When you choose to support your local farmers by buying your produce, meat, dairy, snacks, and honey from the farmers market you are promoting sustainable practices in two main ways. When the spuds, carrots, cucumbers, peas, tomatoes are ready for picking, the farmer will simply pick them off into a basket. No stickers are needed to identify where they came from, cucumbers will not be shrink-wrapped, herbs will not be encased in a plastic prison. When you shop at your local farmers market you are promoting the use of fewer or no packaging, you can simply place the produce into your tote bag and take off.
Since the products at your local farmers market are coming from within 150 km (a two hour round trip drive), this means that your food will have a minimal carbon foot print of 0.03 tonnes of CO2 and uses 25 L of fuel. The food at your local supermarket most likely came from far away lands such as California. The carbon footprint of your food coming from California 2,833 km away is 1.96 tonnes of CO2 and 730 L of fuel. This represents a 6400% increase in CO2 emissions The numbers speak for themselves, our current global food sources are having a enormous impact. When you shop locally, you decrease CO2 emissions, pollutants, wear and tear on the roads. Local farmers have higher job security and with the surplus money they generate they spend the money on businesses that you may own or work at.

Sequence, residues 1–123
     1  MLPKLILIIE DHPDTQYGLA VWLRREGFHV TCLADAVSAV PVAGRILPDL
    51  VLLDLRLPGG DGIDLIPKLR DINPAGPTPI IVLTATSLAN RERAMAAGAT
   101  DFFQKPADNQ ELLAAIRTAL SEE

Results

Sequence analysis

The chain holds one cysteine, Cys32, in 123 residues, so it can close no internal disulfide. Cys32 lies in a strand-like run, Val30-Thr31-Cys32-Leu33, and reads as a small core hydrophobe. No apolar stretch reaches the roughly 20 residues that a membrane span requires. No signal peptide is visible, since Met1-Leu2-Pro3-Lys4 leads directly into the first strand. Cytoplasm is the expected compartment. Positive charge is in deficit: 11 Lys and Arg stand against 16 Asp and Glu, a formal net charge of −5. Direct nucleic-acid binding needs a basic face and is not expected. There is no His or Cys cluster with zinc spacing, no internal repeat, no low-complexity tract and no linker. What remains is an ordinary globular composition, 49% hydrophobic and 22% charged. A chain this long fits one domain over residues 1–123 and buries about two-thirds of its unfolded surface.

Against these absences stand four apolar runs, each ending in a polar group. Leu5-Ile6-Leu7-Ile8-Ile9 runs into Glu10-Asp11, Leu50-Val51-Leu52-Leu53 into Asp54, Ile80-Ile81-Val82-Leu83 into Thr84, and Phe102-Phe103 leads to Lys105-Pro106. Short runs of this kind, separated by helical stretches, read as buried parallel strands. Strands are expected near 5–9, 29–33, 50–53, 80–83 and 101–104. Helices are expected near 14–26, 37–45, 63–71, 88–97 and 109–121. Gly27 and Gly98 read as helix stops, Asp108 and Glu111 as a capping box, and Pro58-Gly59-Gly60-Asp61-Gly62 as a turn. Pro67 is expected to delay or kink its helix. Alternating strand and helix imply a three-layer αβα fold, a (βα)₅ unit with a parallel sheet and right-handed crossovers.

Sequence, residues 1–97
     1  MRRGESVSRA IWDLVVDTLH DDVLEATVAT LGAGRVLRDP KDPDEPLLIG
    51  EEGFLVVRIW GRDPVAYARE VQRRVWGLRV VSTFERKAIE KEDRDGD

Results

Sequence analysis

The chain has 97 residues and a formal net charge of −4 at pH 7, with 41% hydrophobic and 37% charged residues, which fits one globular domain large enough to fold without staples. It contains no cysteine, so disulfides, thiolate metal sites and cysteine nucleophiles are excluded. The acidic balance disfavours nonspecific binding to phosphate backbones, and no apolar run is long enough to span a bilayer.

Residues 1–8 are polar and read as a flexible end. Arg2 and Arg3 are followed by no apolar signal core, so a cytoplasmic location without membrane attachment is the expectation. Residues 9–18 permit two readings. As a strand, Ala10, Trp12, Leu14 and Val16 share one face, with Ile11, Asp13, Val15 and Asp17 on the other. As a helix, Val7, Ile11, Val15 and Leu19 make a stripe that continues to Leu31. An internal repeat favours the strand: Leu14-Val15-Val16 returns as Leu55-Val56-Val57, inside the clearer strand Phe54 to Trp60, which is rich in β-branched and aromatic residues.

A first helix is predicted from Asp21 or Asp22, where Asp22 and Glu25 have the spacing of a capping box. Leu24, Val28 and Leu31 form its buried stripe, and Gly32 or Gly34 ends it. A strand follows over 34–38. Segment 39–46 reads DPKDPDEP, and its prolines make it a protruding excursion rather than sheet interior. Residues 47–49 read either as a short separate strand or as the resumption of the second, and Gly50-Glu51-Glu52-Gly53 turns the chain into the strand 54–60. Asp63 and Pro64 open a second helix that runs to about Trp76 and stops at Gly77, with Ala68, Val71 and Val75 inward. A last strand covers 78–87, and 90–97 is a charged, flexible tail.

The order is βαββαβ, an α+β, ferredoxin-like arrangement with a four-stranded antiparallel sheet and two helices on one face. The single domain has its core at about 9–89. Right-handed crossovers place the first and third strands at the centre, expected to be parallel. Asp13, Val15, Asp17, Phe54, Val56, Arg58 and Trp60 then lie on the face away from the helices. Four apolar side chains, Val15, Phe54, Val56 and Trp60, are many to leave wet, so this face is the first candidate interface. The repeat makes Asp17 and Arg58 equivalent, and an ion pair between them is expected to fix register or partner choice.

Why would you want to give someone that doesn't live in your area money? They don't live here, so why would they care about making it the best that it can be, they don't have to deal with the majority of the side effects when they do not have local interests.
Another benefit to having local farms is that if you ever feel to need to check for sustainable and humane farming practices, well guess what it is only 150 km. You could make a trip out to the farm, and check whether they are treating their animals humanely, or whether they are using an obscene amount of pesticides. If you are getting your food from California 2,800 km away it is difficult to get to know the farmers that are growing your food.